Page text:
Stalk-eyed flies reveal more than meets the eye - investigating sexual selection, speciation & genomic conflict
Stalk-eyed flies are another one of nature’s curious and fascinating examples of biodiversity and an extreme result of sexual selective forces. These insects are true flies (Diptera) in the family Diospidae, typically distinguished by their unique eye stalks, from which they get their name. Dr. Gerald Wilkinson of the biology department at the University of Maryland has been conducting research on how genetic mechanisms may influence the outcome of evolution, specifically sexual selection, speciation and genomic conflict in stalk-eyed flies.
All diospid flies have eye stalks, although some males display extremely long and seemingly disadvantageous stalks. When a species is sexually dimorphic, there is a physical difference between females and males, such as the difference in plumage between peacocks. In this case, the eye stalks are dimorphic with males having the longer eye stalks, and females having short eye stalks. While not all species of stalk-eyed flies are sexually dimorphic, sexual dimorphism has evolved independently several times in this genus. Based on Dr. Wilkinson’s research, the development of these intriguing eye stalks appears to be a product of sexual selection. The female flies favor mating with males with larger relative eye stalks to body size, pushing for directional selection for longer and longer eye stalks over evolutionary time. To test some predictions, Dr. Wilkinson artificially selected for both smaller eye stalk populations and larger eye stalk populations in the lab using Teleopsis dalmanni. Intriguingly, he found that after 20 generations, males from short eye stalk lines were producing only daughters and some males from longer eye stalk lines were producing predominantly sons. Dr. Wilkinson had stumbled onto X drive, an example of genomic conflict. Genomic conflict arises when certain genes selfishly try to push themselves into the next generation even at the expense of the host/population. In the populations of short stalk eyed flies, X drive influences spermatid elongation. Those that elongate properly contain the selfish driving element on the X chromosome (X) which in turn leads to a female biased population and spread of XD. Unchecked, this would lead to the eventual demise of the population.
The discovery of X drive in T. dalmanni through artificial selection on male eye span, is a convincing catalyst for sexual selection. Because females that mate with XD carriers can lead to population extinction, there is pressure for females to avoid mating with these short stalk-eyed males. A preference for males with long eye-stalks can develop because 1) the population survives and 2) long eye-stalks are a good advertisement for the lack of XD. Because of this, Dr. Wilkinson predicted and found that eye span genes are X-linked and are in linkage disequilibrium with the driver element (i.e. short eye stalks genes stay close together with the driver element on XD). Sexual selection should eliminate drive except if recombination or imprecise female choice occasionally occurs.
Having unraveled some of the secrets to mating in stalk-eyed flies, Dr. Wilkinson turned his curiosity to another aspect. He was interested in identifying mechanisms for reproductive isolation. Which mechanism is more important, prezygotic isolation (e.g. differences in mating, sperm transfer, sperm survival, or fertilization) or postzygotic isolation (e.g. hybrid inviability or hybrid sterility) for the creation of new species? Using very similar species of southeast Asian stalk-eyed flies (cryptic species), Dr. Wilkinson and his lab determined that reproductive isolation increases with genetic distance and that those populations evolve postzygotic isolation rapidly, but prezygotic isolation relatively slowly over evolutionary time. In particular, hybrid males between closely related species were sterile. Dr. Wilkinson hypothesized this may be due to cryptic drive. This is where drive is hidden because another genetic element (a suppressor) is counteracting its effects. If the suppressor is removed the drive is suddenly active. Through breeding experiments he ultimately found the presence of both cryptic X and Y drive. Their suppressors were found on the non-sex chromosomes and were in the same genomic regions as factors that caused male hybrid sterility.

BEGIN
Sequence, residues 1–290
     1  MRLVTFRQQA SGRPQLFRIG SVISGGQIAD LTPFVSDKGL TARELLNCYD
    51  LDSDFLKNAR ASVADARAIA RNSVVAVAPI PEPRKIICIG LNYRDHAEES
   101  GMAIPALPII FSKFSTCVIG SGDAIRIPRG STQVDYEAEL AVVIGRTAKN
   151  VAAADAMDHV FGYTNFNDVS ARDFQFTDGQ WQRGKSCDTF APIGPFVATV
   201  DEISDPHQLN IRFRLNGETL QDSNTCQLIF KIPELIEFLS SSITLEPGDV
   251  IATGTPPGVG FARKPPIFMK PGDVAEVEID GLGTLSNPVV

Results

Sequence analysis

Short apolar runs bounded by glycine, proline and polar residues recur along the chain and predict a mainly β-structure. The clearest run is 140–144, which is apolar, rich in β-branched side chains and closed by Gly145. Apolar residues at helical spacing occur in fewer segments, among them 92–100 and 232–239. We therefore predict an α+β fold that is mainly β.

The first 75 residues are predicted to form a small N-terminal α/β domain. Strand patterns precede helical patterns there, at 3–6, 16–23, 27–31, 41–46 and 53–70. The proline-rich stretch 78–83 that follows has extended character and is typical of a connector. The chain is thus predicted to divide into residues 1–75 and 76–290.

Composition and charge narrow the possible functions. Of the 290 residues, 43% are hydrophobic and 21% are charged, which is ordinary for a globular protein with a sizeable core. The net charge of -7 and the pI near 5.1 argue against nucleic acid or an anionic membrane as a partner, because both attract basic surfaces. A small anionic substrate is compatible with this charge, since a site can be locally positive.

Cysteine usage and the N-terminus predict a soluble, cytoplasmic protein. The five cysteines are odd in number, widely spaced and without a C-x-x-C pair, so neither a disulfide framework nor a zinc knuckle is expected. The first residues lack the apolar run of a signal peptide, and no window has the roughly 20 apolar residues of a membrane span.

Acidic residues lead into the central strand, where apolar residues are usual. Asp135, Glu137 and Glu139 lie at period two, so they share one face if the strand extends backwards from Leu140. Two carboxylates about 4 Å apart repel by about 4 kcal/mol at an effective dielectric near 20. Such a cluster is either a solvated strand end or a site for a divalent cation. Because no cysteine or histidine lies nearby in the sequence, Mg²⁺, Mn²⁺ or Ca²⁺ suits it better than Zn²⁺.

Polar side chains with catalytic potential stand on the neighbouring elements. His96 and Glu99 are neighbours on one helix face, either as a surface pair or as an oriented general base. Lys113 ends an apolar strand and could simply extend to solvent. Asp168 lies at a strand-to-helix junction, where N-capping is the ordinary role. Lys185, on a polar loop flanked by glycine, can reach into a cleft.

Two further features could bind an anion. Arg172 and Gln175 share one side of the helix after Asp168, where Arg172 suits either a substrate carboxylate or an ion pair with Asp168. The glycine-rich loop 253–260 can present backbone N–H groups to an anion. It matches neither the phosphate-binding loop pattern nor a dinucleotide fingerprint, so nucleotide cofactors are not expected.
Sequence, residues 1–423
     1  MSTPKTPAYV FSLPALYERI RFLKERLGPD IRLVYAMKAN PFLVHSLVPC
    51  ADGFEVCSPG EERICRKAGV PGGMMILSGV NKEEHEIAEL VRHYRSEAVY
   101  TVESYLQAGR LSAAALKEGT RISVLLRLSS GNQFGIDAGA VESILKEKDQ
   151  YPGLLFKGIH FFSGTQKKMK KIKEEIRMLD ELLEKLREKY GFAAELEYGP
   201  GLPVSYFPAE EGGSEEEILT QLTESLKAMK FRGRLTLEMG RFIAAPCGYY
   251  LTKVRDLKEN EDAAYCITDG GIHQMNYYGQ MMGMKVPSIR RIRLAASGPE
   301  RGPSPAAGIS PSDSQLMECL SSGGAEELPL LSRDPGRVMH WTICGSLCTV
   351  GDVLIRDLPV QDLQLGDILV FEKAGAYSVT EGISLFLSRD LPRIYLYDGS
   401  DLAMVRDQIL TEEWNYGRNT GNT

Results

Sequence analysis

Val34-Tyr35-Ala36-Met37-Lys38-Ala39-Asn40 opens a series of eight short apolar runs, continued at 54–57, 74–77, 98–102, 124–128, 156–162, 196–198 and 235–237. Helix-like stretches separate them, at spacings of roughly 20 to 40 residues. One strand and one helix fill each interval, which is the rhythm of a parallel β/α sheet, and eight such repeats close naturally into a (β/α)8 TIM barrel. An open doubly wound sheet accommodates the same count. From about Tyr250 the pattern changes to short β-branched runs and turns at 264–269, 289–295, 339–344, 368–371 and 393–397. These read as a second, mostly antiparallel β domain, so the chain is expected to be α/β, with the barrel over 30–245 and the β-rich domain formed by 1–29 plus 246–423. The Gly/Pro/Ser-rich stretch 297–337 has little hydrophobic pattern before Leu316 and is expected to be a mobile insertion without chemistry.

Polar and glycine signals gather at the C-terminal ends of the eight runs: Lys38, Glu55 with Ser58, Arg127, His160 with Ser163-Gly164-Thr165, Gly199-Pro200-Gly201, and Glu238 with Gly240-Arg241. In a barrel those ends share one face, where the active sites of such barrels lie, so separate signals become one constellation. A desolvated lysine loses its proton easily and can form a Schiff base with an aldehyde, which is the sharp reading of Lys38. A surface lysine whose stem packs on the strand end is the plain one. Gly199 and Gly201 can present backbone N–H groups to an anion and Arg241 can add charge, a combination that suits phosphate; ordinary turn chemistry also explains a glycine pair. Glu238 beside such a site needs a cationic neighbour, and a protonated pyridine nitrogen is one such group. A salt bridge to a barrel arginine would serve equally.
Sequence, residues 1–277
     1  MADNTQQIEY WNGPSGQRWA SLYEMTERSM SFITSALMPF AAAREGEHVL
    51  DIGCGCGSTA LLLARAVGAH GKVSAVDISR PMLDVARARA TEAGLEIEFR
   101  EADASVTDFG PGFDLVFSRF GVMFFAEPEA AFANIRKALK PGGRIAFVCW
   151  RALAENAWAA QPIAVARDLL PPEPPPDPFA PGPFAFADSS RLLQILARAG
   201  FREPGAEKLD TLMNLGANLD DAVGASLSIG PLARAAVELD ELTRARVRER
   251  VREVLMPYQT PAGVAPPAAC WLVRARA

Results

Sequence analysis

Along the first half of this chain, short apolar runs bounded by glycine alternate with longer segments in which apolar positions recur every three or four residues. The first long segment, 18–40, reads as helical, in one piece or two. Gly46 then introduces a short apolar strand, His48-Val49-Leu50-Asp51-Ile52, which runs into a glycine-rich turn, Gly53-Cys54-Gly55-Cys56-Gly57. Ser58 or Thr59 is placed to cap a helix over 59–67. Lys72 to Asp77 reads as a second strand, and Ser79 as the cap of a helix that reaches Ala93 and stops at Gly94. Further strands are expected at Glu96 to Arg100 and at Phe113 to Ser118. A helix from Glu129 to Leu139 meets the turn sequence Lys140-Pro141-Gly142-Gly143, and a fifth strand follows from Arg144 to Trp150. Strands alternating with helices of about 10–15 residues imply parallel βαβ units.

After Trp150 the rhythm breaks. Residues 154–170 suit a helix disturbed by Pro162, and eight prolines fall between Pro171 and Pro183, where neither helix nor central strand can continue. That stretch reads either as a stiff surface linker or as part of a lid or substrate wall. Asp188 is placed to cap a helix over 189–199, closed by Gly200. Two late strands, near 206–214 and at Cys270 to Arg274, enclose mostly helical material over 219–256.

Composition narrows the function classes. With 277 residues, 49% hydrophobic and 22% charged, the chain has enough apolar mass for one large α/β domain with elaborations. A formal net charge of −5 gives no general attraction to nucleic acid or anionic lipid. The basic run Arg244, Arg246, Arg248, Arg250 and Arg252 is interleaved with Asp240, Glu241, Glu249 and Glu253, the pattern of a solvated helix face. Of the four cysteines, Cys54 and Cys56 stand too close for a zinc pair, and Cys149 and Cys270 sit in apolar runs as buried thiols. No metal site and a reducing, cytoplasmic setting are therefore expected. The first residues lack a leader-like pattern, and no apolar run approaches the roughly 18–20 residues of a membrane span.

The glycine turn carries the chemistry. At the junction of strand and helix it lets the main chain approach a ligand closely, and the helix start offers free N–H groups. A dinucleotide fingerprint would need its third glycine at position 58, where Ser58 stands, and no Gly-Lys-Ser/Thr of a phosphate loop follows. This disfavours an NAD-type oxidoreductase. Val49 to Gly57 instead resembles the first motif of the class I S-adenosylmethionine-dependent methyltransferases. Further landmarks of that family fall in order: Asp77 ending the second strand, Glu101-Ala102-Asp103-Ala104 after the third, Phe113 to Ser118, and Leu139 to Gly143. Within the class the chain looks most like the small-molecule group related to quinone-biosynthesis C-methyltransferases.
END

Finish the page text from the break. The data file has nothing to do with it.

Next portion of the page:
So while stalk-eyed flies are a natural wonder to behold, it appears they have more to offer than meets the eye. From them we have learned that genomic conflict can influence sexually selected traits and that reproductive isolation can evolve rapidly due to post-mating sexual selection and X drive. Much of this work is ongoing and there is more to learn about genomic conflict and drive system using diospids as model organisms.
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gAbout the authors:
Jackie Hoban is a first year Master's student in Paula Shrewsbury’s lab, researching biological control of the invasive, wood-boring pest, emerald ash borer, Agrilus planipennis (Coleoptera: Buprestidae).
Jonathan Wang is a PhD student in Raymond St. Leger’s lab. He is studying Drosophila immunity and fungal pathogenesis.
Mengyao Chen is a Master’s student in Dr. Leslie Pick’s Lab. Her research focuses on segmentation genes in Brown Marmorated Stink Bug (BMSB, Halyomorpha halys). Her current work is looking for orthologs of pair-rule genes in BMSB, and studying their expression and functions using RNA in situ hybridization and RNAi.